'Real Safety' Campaign Pushes for Tamper-Resistant Outlets
Each year, approximately 2,400 American children are injured by incidents involving electrical outlets. In a move to safeguard children and protect against outlet-related accidents, the 2008 National Electric Code (NEC) mandates that only tamper-resistant electrical outlets be installed in new residential facilities.
Tamper-resistant outlets have built-in shutter systems that prevent foreign objects from touching electrically live components when they are inserted into the slots. The shutters protect against electrical burns without limiting normal plug insertion, removal or function.
The National Electrical Manufacturers Association (NEMA), a member of the American National Standards Institute (ANSI) and accredited standards developer, has launched an educational campaign called "Real Safety" to generate public awareness about tamper-resistant outlets.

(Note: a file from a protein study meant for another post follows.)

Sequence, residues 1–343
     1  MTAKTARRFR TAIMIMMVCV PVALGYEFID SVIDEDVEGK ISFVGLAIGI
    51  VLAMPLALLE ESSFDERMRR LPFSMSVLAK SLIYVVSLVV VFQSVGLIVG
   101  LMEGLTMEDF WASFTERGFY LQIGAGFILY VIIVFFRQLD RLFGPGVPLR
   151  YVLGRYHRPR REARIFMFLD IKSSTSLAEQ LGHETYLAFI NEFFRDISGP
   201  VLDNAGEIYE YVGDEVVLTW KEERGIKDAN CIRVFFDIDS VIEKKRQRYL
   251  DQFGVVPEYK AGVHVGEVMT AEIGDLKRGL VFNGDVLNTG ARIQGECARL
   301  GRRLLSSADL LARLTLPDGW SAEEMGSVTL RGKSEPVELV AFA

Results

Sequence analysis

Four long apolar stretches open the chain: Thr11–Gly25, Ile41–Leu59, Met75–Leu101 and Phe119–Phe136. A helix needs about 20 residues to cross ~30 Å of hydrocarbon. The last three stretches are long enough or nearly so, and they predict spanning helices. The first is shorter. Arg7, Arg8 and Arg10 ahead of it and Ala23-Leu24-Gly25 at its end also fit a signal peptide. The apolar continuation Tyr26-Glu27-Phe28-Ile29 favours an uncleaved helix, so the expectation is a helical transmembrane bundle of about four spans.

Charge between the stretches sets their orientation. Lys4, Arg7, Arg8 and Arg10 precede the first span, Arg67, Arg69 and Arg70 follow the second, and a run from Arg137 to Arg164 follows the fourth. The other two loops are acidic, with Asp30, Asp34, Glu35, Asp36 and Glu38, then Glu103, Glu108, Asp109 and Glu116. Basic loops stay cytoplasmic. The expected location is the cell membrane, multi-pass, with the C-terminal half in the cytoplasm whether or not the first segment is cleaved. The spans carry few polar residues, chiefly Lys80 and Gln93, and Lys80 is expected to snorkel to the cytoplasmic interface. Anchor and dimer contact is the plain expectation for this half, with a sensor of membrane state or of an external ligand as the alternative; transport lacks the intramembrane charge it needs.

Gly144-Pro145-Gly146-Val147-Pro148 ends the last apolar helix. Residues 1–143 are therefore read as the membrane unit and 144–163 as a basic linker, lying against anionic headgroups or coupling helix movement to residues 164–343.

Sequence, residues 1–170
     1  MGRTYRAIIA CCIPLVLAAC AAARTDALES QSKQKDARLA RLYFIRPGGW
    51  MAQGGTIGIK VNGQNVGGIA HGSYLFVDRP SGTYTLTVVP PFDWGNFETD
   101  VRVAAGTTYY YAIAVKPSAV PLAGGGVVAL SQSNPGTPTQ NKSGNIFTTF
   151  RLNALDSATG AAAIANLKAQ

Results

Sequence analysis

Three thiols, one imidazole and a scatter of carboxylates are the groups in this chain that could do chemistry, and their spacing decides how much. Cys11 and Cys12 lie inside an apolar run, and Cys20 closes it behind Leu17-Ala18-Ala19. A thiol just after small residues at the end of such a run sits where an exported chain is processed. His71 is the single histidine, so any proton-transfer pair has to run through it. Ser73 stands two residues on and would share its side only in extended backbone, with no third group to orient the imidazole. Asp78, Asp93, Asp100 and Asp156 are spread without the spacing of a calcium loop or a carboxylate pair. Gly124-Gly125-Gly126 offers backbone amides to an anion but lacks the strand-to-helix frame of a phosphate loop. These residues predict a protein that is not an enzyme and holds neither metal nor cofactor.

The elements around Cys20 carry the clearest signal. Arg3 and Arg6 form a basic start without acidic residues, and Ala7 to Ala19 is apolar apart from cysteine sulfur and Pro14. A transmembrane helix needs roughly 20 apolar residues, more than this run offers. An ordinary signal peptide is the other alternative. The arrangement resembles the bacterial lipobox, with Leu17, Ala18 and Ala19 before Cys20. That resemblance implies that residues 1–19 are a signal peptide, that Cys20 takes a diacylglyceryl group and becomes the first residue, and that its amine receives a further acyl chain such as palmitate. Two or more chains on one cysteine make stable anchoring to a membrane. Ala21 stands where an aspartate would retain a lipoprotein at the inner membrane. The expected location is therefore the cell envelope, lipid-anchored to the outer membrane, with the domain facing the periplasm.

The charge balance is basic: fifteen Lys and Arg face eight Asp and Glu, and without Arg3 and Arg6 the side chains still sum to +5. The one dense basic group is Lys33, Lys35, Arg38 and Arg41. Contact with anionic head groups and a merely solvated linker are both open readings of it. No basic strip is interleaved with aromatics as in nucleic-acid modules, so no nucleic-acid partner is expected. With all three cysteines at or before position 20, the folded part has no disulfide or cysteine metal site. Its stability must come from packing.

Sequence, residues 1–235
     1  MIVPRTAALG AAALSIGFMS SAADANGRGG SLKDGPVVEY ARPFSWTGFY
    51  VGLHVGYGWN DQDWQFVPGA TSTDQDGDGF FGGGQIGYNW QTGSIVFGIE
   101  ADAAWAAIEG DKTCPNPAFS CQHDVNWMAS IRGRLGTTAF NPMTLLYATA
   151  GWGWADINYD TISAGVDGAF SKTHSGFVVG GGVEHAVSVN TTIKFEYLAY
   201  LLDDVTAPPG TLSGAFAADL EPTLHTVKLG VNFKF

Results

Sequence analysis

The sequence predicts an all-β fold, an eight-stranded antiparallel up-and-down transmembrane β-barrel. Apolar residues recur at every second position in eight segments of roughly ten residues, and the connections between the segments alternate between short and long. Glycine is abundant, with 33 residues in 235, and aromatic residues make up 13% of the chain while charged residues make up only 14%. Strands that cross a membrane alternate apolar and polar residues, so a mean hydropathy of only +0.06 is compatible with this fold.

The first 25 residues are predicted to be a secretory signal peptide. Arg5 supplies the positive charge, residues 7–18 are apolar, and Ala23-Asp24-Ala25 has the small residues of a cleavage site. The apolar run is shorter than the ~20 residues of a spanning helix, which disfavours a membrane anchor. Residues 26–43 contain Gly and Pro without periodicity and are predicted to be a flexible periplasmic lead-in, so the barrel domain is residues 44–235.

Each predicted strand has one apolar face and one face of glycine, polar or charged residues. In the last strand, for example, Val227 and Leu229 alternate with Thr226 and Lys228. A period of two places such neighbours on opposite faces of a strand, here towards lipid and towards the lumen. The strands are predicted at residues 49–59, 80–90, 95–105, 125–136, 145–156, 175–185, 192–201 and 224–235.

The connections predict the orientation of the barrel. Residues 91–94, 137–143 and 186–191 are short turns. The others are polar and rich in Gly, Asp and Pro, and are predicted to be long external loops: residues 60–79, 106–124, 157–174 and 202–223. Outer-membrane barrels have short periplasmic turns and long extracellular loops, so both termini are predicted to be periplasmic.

Targeting electricians, inspectors, distributors, builders, parents and new homeowners, the campaign identifies the dangers that electrical outlets pose to children, educates users about tamper-resistant functionality and advocates adoption of the NEC.
"The tamper-resistant Code requirement is about safety, period. We have the opportunity to protect thousands of children from electrical burns and spare them visits to emergency rooms," said Andrei Moldoveanu, technical director, NEMA. "Child safety is a primary concern for NEMA, as it should be for the rest of the industry."
According to NEMA estimates, tamper-resistant outlets would add less than $50 to the cost of a new home's electrical system.
For more information, campaign literature, or to view an educational video about tamper-resistant outlets, visit www.childoutletsafety.org.